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https://www.mrmoneymustache.com/2015...view/#comments


Is one of the first things I see on the home page. Most likely he makes the money through affiliate marketing.
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Old 12-02-2018, 01:57 PM
 
26,075 posts, read 28,478,940 times
Reputation: 24783
Quote:
Originally Posted by flyingsaucermom View Post
Oh wow... I just looked it up... I don't know what to say.. I guess he's a mere mortal like the rest of us?

He has a strong personality and probably stubborn as hell so I can't say I'm shocked. But I don't think it fundamentally challenges his personal finance advice and achievement. Maybe he just went too far with it.

I'm not much of a believe in anything, but sacred texts and old philosophers' writings the world over tend to be filled with good life skills advice.

Everything in moderation... even frugality.
I was sad to hear this news as well! Some have speculated that he's a "my way or the highway" kind of guy. It may not have been the frugality, per se, but more that the very determination and singular focus that it took him to achieve FI may have spilled over into their relationship in some not so good ways. Sounds plausible.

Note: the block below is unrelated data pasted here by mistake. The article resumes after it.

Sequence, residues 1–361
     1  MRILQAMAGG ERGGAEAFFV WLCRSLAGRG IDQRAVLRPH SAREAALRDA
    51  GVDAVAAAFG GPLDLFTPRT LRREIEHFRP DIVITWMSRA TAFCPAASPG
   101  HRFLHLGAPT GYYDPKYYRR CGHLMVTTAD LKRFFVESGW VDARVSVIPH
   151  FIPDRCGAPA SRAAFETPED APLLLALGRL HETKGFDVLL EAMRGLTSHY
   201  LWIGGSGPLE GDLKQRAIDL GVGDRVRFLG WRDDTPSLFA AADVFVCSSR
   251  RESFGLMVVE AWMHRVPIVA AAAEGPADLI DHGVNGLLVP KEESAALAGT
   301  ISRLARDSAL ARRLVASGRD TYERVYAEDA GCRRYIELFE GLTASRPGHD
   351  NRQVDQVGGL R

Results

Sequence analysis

Last edited by mysticaltyger; 12-02-2018 at 02:27 PM..
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Old 12-02-2018, 02:10 PM
 
18,845 posts, read 13,587,446 times
Reputation: 14261
Quote:
Originally Posted by cjseliga View Post
With the hundreds of thousands he makes off his blog/website alone each year (I hear it's as high as $300k/year), I'm not so sure he's hurting that much with the divorce!
I think you have to take divorce into account though, maybe not for MMM if the blog is/was pulling in six figs or multiples of it. If you back that out a divorce could entirely blown up their position splitting assets and needing to have two places to live could force you to try and renter the workforce
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Old 12-02-2018, 02:16 PM
 
26,075 posts, read 28,478,940 times
Reputation: 24783
Quote:
Originally Posted by BigCityDreamer View Post
The article doesn't go into the details. However, I'd like to know how this couple lived their lives to save enough to retire on.

Sure, you can retire in your 30s if your combined salary is $135,000 and you live like a pauper for several years. Few people would be willing to do that though.
Basically, the whole point of the FI movement is that you don't get there living the standard American lifestyle or even aspiring to it.